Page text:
“That looks different” I remember thinking upon seeing the cover art for “Tales Of Symphonia”. Isolated on a shelf in my local Blockbusters, huddled in the pre-owned section, among other distinguished yet rejected GameCube titles like Mario Kart Double Dash and Super Monkey Ball. All in various stages of disrepute where they had been handled a little too much, with some displaying far more distinctive visible traces of fingerprints, dents and other blemishes, Tales stood apart with its relatively polished veneer and striking vibrant cover. It was the only copy there, looking almost pristine against the neighbouring filth, with the exception of the enormous pre owned sticker unceremoniously fastened to its corner. I recall almost walking away thinking that it’s a game I should research before committing to such an exorbitant purchase, around £20 if memory serves. But I felt compelled as well as abnormally confident that buying it now, without prior knowledge of the software was categorically the most justified act of uninhibited spontaneity I would ever experience. And it was.
Tales Of Symphonia is one of those rare games that I endeavoured to play and complete at least once a year. It’s like an annual itch that needs consistent scratch to appease the irritation, stimulated by a game that on the surface could be considered unremarkable. It doesn’t necessarily have the best graphics, nor the most inspired dialogue. It relies heavily on a rudimentary narrative consisting of a “chosen one” ordained by prophecies and lineage to save the world from biblical destruction, a process referred to as the journey of regeneration that is supposed to rejuvenate the decaying world. Aided by a select group, elected by the chosen one herself they undertake the task of completing this noble task by traversing to specific shrines around the world to begin the process of regeneration. But it’s once the real concept is revealed that it takes on an entirely different orientation. You soon discover that a self-proclaimed deity, the one that has created the world of Sylverant has manipulated two worlds to benefit his own selfish agenda, with the chosen one merely a sacrificial vessel for the soul of his long deceased sister to inhabit, which is a genuinely startling discovery.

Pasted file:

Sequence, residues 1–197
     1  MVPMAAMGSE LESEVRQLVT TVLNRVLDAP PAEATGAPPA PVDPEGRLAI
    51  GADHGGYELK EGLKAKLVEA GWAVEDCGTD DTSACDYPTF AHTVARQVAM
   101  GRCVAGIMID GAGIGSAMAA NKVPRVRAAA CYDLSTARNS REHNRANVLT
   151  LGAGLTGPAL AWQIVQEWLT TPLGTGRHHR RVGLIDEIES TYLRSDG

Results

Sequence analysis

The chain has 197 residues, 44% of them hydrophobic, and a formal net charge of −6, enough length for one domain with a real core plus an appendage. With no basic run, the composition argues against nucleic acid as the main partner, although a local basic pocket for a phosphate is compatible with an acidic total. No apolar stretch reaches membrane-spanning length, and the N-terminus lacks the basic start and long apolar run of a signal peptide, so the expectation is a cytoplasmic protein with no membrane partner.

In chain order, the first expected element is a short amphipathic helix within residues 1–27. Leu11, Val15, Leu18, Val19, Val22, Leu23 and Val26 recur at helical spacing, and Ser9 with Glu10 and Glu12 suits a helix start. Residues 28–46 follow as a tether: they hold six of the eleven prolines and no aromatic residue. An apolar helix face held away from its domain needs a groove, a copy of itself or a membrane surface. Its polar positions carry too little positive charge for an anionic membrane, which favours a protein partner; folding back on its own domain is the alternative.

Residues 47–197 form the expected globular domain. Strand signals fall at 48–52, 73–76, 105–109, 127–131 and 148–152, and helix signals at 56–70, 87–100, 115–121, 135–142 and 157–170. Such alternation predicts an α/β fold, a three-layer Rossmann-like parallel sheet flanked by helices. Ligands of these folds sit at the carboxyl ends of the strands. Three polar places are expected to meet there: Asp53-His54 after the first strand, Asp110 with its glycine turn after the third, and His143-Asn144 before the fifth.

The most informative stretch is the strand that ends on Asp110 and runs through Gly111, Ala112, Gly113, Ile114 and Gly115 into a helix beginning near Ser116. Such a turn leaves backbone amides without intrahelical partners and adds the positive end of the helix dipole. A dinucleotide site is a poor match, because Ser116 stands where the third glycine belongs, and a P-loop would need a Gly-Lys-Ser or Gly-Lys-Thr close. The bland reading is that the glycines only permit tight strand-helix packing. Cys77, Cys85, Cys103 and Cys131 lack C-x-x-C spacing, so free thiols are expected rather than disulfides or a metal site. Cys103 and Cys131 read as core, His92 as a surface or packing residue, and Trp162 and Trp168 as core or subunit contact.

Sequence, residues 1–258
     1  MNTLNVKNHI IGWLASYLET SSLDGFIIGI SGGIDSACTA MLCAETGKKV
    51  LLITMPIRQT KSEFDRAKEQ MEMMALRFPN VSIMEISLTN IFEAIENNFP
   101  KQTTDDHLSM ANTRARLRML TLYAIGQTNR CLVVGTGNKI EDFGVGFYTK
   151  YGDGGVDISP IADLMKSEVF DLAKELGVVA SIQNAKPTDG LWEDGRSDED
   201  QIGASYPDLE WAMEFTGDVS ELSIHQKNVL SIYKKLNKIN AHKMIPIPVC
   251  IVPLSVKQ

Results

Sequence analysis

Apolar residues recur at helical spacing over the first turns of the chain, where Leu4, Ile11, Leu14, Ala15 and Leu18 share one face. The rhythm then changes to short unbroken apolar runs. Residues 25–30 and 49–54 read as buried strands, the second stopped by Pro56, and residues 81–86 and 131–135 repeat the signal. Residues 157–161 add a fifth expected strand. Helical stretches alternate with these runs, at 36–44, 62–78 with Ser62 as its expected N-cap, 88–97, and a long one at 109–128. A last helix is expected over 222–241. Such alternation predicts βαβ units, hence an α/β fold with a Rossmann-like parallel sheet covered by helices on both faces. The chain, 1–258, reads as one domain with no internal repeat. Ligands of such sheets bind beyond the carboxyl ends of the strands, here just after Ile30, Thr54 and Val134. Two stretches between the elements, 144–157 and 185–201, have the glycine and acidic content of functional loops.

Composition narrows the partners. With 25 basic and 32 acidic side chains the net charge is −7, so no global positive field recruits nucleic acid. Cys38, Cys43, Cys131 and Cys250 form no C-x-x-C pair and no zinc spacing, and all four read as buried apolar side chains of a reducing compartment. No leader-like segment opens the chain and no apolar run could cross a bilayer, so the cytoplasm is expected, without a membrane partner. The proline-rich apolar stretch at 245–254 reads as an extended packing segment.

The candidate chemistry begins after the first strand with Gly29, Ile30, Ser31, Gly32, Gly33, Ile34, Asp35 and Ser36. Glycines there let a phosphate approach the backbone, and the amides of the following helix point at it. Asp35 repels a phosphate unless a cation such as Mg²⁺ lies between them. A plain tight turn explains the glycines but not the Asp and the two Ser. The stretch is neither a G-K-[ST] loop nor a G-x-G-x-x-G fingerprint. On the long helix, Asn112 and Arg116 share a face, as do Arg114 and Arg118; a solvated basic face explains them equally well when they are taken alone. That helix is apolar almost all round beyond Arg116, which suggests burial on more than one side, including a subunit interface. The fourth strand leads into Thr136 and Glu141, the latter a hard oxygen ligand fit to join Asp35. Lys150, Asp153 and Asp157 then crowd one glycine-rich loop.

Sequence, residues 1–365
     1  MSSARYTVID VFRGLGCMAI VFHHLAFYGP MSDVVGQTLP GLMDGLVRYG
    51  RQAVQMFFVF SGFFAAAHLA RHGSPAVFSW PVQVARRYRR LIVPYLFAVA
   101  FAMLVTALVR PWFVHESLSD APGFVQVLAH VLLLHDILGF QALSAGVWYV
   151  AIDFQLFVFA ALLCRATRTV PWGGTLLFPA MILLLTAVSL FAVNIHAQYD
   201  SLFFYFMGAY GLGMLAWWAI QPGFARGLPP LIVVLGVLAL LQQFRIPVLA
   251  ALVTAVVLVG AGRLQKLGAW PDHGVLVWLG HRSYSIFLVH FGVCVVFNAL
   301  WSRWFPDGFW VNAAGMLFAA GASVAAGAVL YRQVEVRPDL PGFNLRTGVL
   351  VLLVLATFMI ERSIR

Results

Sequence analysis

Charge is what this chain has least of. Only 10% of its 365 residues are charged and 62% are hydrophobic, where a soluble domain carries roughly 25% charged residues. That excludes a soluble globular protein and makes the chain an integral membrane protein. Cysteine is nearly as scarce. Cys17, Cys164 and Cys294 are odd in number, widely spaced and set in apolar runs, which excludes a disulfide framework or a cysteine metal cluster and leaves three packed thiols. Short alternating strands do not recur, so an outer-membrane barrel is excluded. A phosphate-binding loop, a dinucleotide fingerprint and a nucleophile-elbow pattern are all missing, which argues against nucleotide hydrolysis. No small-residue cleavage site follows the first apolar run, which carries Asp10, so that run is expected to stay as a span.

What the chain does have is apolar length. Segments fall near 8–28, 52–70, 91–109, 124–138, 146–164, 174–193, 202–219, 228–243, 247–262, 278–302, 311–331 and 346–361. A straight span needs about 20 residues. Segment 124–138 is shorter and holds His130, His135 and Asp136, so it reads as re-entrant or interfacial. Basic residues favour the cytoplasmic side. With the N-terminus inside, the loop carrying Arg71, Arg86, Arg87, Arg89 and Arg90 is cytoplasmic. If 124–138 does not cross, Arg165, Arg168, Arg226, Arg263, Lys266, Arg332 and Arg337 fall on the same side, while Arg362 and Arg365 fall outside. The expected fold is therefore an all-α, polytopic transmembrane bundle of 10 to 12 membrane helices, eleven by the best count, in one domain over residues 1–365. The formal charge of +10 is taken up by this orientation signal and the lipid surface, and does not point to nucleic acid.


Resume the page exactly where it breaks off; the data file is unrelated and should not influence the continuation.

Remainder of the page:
Every cliché, Troupe and banal reveal that had been clumsily exacerbated up to this point felt like a deliberate rouse, instigated to throw you off the subverted truth. It’s such a strange turn of events that has serious repercussions for your own perception of the story but also the progression of the characters. When these characters faith and convictions are challenged in such a shocking fashion, with everything they’ve ever believed revealed to be a lie, the one-dimensional characteristics that consolidated this groups persona deteriorates, allowing each individual to grow, developing independently from one another. Characters once repressed by formulaic convictions begin to make sense, developing actual personalities as opposed to quirks to make them distinct, but not rushing that development.